THRILLS AND CHILLS
INFORMER CONTINUES HIS WINDSWEPT AND INTERESTING ADVENTURES IN A LITTLE ISLAND AT THE BOTTOM OF THE WORLD
For Informer’s final rectangle from Tasmania, today finds me in Hobart, or as it’s better known, North Antarctica. Fair dinkum, the wind is so strong it could blow the whiskers off Nanna. And yet how lovely a city it is.
Actually, I should say how lovely a city it has become, because it was not always so.
For many years Hobart was a capital by name only, a city with no real sense of itself or its possibilities. Today, however, it positively buzzes. That’s not easy for Informer to admit. Growing up in Launceston, or as it’s better known, Slightly Further North Antarctica, we locals maintained a love-hate relationship with Hobart. We loved to hate it. The northsouth divide was keenly felt with each side wishing woe upon the other.
Trouble is, I’ve spent the past few days in Hobart and there is seemingly no end to its vibrant, cosmopolitan, colourful and confident delights. Sadly, the same cannot be said for my home town, which is all a bit grey and wanting. I’m sure this will be rectified in time, but for the moment Hobart has Launceston on toast.
Part of the reason for this is the Museum of Old and New Art, or MONA, which is bringing the world to Hobart to gawk at its wonderful weirdness. If you haven’t been, you simply must. MONA is a staggering achievement in architecture, engineering, construction, imagination and audacity, all of which excuses the fact that a large chunk of the actual art is total wank.
Yet while MONA makes headlines, there is plenty more to recommend Hobart. The waterfront is great, Salamanca Place is a treat, the views are magical, the bridge no longer has a hole in it and Mount Wellington looms over the lot with a decidedly temperamental majesty. Still, Hobart is about more than just things. It has a style, an atmosphere, that dear old Launceston has lost.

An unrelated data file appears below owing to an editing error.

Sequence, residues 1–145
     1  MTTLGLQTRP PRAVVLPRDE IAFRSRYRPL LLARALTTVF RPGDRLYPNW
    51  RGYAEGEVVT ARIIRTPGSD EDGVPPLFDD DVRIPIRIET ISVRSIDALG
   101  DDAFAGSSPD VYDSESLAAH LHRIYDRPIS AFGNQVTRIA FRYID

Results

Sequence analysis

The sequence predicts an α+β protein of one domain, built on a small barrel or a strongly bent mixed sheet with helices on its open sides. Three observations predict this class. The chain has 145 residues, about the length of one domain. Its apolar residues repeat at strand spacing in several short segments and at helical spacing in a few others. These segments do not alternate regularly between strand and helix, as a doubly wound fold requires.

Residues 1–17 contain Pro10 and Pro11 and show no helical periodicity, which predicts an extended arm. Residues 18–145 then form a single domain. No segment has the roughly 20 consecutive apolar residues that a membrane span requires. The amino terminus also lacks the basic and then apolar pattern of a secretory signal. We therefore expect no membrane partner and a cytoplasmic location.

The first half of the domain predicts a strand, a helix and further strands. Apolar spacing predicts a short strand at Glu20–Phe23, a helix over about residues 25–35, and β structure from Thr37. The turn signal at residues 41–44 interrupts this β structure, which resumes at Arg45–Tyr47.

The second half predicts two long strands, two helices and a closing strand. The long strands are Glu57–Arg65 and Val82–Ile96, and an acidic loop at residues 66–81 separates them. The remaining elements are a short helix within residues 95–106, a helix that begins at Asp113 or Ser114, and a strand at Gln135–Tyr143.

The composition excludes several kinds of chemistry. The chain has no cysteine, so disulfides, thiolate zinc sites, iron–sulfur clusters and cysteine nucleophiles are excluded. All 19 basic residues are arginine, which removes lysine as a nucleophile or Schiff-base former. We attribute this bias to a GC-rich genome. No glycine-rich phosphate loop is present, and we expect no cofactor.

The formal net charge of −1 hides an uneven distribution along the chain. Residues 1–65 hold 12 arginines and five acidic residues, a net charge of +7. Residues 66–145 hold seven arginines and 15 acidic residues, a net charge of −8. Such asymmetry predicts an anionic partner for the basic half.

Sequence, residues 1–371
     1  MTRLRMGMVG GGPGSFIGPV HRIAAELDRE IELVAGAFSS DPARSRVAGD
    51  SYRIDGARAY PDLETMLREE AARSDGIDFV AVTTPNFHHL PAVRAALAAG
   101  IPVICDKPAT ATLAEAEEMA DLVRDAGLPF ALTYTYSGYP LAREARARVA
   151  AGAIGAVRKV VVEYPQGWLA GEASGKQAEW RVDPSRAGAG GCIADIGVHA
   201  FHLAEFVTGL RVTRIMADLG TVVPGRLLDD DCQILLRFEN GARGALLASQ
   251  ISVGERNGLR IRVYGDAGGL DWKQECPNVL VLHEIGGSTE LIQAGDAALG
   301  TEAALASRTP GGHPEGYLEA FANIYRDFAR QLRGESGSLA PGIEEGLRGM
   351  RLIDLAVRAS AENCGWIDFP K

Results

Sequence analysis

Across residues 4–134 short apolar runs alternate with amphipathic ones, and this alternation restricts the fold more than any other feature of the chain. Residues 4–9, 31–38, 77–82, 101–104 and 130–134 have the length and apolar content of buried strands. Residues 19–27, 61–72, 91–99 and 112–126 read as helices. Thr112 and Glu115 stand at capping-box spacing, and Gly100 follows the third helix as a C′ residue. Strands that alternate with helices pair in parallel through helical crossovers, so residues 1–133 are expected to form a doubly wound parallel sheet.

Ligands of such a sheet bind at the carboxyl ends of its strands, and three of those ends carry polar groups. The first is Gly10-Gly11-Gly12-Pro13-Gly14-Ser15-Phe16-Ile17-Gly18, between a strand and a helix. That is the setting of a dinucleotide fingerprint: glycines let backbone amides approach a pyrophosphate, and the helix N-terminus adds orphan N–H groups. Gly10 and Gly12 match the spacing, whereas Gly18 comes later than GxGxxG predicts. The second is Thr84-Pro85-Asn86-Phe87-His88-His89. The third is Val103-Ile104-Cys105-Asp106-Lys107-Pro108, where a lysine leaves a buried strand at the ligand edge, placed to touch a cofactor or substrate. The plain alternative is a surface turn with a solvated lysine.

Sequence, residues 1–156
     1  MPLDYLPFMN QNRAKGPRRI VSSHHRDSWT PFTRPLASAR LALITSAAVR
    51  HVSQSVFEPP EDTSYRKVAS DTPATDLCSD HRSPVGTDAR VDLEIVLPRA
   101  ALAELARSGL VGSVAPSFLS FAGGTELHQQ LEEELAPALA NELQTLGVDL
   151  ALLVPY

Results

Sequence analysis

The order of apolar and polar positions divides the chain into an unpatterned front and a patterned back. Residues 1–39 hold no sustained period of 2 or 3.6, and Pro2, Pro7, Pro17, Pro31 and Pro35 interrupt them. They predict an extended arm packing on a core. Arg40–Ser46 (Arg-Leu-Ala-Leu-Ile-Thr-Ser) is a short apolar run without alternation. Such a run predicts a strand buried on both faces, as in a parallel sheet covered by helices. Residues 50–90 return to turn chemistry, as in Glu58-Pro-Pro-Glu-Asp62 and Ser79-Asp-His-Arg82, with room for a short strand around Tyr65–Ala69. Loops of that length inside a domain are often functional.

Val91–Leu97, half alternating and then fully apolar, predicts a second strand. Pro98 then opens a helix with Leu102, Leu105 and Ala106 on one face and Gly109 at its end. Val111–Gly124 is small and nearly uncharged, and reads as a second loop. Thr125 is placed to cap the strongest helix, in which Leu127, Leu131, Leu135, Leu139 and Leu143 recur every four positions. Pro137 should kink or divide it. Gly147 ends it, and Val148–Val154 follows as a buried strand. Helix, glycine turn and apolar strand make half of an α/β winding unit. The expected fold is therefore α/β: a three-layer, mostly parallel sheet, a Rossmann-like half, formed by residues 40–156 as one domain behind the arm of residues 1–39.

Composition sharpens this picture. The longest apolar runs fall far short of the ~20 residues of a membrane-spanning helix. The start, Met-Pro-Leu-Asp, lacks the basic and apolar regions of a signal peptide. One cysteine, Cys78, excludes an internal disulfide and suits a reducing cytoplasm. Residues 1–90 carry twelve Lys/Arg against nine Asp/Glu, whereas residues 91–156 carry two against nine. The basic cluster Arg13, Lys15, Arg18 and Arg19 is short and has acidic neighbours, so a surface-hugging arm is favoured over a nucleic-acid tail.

In fact, I wasn’t aware just how much it had lost until Mrs Informer and I wandered into a gallery and watched a film about Launceston in the 1960s.
What an eye-opener. The streets were filled with cars pootling this way and that. The footpaths were packed with people. Thousands went to the footy. The evening shots showed lights blinking and blazing from crowded shops, restaurants, cafes, theatres and pubs.
Then we walked out of the gallery and into the city and it was like, zzzzzzzzzz. I was reticent about saying as much to my friends and family, all of whom call Launnie home, but mostly they agree. Something must happen to give the place some oomph.
The arts is trying. The writers’ festival I attended was a ripper — Informer was very good, by the way — as was a modern art festival a week earlier. Furthermore, the eventual shifting of the university closer to the CBD will fill the joint with lively, lovely, young people. For the most part, however, Launnie is looking a tad tired and shabby in contrast to its southern nemesis.
Even so, Informer has had a marvellous sojourn to my little island at the bottom of the world, this place that at various stages formed, reformed, conformed, deformed and, yes, informed Informer. It was lovely to come home. Now it’s time to come home.
“I’M SURE THIS WILL BE RECTIFIED IN TIME, BUT FOR THE MOMENT HOBART HAS LAUNCESTON ON TOAST.”